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Cap on H-1B visas for tech workers is reached in five days

April 05, 2013|By Cindy Chang
  • U.S. Citizenship and Immigration Services said Friday that it had already received enough applications for H-1B visas to reach the cap of 85,000 for next year.
U.S. Citizenship and Immigration Services said Friday that it had already… (Matt York / Associated Press )

American companies are so eager to hire highly skilled foreign workers that a cap on new visas has been reached within a matter of days.

The U.S. Citizenship and Immigration Services announced Friday that it has received more than 85,000 applications from employers seeking visas for computer programmers, engineers, physicians and other educated workers with specialized skills. Of the total visas, 20,000 are set aside for people with graduate degrees from American universities. 

Because the 85,000 limit was exceeded within five days of the April 1 opening date, a lottery will be held to distribute the visas. A software engineer sponsored by Microsoft has the same chance of landing an H-1B visa as does a person hoping to work for an unknown company.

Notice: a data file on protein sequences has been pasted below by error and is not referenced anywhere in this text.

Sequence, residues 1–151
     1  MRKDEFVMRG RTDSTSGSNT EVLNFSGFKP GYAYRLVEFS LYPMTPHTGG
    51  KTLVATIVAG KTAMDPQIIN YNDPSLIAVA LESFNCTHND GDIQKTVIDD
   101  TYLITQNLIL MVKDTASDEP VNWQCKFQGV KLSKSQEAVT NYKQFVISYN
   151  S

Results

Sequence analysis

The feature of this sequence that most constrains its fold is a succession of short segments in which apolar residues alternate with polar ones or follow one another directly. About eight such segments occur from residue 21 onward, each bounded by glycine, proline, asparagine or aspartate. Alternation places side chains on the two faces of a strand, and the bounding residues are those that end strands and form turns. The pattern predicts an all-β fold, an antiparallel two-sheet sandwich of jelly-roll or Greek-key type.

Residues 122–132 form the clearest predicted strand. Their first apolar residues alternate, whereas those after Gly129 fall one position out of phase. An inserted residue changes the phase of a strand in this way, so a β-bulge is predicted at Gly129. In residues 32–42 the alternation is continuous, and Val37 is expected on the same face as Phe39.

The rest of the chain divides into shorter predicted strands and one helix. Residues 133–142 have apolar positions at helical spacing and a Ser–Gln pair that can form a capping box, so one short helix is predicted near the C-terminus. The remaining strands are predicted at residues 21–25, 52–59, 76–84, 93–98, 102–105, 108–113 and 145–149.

“It basically shows the main problem of this system, which is that there’s no way of prioritizing. When this takes place, it’ll cause a big frenzy,” said Neil Ruiz, an associate fellow at the Brookings Institution. “It just shows how H-1B has become a catch-all visa for all highly skilled immigrants.”

Last year, the cap was reached in just over two months. During the recession in 2010, the cap was not reached until late December. The last time a lottery was used was 2008.

The flurry of H-1B applications is a sign that the economy is improving. It is also a sign that the demand for highly skilled workers is far exceeding the supply of visas.

High-tech companies like Google and Microsoft are supporting a bill that would increase the cap depending on how many applications were submitted in previous years. The bill would also give green cards to foreigners with advanced science and engineering degrees from American universities.

With comprehensive immigration reform a realistic possibility this year, changes to the H-1B program may become part of a larger package.

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Twitter: @cindychangLA

cindy.chang@latimes.com

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